It’s still convertible season in the Northern Hemisphere for a little while longer this year. Summer can sometimes feel too hot to have the top down, where closed windows and air conditioning might be preferred. (Some will even cruise with the top down and the air on, which I have experienced firsthand.) Even an unusually warm spring day can still feel just a bit too cool for open-air motoring when a gust of wind will remind you that the temperatures aren’t quite up there yet. It’s fall that seems absolutely perfect for enjoying your convertible, with temperatures still warm enough to relish the feeling of being outside while in a car, but cool enough and less humid to where you’re not sweating and can’t also taste the air.
If I had a convertible and a covered, secured garage in which to store it year-round, I would probably enjoy three-season cruising any weekend I felt like it, especially if I owned a nice example of one of the first two model years of Ford Mustang, one of the United States’ favorite convertibles. It was a different time in the U.S. market when the original Mustang was first introduced, but it still amazes to me to think that over 174,000 Mustang convertibles were sold for both the 1965 and ’66 model years (including almost 102,000 alone for extended first-year ’65), where only about 81,000 Mustangs of all stripes were sold in 2020. Just to put another number out there, almost 1,289,000 Mustangs were sold during its first two official model years, starting in April of 1964.
I present four different examples of early first-generation Mustang convertibles I photographed while they were being actively enjoyed around Chicago: three ’65s and a ’66, and with three of them as photographed in autumn and one in spring. I realize that it’s possible, especially with classic Mustangs, that some have been restored or slightly modified from their original form from the factory to suit the owners’ tastes, but I did my best with the information available to me to positively identify the model year and official color name of each example. If the rear quarter panel trim on the above example is an accurate indicator, it is a ’65 finished in Phoenician Yellow. Photographed in the Andersonville neighborhood in Chicago’s north side on Saturday, May 10, 2014, this was on an unusually warm spring day, with temperatures topping out at 77 degrees Fahrenheit (25 Celsius).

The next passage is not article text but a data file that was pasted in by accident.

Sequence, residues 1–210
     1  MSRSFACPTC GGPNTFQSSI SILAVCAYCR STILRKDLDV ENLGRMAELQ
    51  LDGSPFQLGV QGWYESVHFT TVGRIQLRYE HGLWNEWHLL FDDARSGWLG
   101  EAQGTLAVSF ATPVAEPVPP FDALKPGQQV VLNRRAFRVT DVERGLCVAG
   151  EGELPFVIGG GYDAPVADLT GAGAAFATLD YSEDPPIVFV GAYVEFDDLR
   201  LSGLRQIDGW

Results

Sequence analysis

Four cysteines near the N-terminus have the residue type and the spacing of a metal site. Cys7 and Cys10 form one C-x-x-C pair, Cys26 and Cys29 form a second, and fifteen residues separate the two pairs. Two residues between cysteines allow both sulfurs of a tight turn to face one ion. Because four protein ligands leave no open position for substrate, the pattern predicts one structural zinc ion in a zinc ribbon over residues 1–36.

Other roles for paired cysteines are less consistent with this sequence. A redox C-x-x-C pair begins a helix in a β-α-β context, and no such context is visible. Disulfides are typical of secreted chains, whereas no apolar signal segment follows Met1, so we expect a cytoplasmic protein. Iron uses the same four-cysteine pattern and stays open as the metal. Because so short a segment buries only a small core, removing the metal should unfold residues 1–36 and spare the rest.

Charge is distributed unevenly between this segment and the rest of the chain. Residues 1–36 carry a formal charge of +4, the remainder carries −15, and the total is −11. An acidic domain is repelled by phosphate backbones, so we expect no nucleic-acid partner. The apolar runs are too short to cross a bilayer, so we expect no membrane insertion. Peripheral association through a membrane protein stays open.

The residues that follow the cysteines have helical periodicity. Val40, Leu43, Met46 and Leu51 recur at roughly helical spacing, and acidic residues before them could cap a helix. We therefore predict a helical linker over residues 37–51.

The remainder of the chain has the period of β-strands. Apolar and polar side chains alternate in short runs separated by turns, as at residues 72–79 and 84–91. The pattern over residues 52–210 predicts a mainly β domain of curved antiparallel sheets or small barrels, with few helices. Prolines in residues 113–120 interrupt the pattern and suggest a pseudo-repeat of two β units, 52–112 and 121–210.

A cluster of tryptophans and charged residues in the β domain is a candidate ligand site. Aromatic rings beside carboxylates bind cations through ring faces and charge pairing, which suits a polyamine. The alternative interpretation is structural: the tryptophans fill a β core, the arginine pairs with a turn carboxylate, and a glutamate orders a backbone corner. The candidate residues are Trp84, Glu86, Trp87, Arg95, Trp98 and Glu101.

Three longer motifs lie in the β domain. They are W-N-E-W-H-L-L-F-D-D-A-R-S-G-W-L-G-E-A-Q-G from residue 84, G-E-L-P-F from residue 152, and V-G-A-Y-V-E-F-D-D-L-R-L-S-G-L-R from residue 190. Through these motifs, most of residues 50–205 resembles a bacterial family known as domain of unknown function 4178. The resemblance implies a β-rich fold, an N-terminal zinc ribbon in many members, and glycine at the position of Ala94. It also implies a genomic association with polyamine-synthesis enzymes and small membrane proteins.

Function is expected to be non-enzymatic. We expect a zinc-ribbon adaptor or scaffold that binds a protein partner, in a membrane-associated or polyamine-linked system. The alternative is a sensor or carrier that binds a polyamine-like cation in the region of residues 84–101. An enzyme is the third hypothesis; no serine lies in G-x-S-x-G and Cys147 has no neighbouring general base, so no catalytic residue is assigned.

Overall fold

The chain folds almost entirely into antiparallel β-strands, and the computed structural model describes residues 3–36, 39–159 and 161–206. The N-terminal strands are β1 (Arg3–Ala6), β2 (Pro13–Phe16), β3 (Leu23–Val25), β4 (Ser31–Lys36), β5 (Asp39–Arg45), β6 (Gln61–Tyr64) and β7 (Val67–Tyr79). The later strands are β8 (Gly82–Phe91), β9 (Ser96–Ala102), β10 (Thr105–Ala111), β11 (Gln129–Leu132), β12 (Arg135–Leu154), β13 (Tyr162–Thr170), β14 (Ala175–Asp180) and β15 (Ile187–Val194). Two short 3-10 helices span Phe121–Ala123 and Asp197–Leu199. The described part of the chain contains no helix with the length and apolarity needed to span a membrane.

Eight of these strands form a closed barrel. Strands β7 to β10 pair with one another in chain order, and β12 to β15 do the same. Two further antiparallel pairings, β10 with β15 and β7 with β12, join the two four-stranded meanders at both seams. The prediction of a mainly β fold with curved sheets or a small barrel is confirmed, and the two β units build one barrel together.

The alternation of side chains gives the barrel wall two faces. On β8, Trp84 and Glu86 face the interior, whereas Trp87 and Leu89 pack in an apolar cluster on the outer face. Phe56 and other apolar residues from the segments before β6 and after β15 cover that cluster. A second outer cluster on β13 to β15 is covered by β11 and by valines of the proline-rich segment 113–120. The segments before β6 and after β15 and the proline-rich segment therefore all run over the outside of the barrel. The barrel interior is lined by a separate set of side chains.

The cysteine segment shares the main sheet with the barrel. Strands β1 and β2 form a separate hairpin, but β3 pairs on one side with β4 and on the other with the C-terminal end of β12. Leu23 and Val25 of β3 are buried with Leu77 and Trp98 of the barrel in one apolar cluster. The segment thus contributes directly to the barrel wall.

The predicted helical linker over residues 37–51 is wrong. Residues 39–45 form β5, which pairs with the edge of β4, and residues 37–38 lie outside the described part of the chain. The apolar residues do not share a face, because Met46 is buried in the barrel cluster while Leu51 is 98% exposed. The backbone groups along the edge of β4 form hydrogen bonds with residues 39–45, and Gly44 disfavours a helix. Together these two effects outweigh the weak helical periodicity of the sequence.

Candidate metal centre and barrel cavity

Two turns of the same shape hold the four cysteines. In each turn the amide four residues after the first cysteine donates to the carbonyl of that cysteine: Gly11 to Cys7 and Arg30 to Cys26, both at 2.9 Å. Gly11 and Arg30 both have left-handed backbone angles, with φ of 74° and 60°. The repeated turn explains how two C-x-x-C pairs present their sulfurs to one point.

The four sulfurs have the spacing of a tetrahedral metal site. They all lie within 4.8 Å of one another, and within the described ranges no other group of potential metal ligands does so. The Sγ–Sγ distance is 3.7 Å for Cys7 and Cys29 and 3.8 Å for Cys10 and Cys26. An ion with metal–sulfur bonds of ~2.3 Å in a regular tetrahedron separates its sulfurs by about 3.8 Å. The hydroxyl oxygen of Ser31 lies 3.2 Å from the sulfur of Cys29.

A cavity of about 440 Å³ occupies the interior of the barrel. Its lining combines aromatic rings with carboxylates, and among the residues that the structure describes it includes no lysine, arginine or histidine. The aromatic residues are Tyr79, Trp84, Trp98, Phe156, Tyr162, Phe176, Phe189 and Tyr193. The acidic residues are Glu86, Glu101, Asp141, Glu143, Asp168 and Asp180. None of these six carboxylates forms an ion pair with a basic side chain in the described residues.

This Silver Blue ’65 was spotted on Saturday, September 21, 2013 in the arty Wicker Park neighborhood. The high was 66F (19C), and it was partially cloudy. I had been on an assignment that day for a now-defunct magazine for which I had been hired as a photographer. I didn’t enjoy everything about being on someone’s payroll (deadlines, formatting issues, the business end, the time that it took, etc.), but that experience taught me a lot about what actual working photographers deal with regularly, even if my my assignments were only on a monthly basis. I remain very grateful for all of what that opportunity had granted me. When I saw this scene, I especially liked that this looked like a father-son afternoon activity, when I saw a kid’s hair peeking out over the upper edge of the door.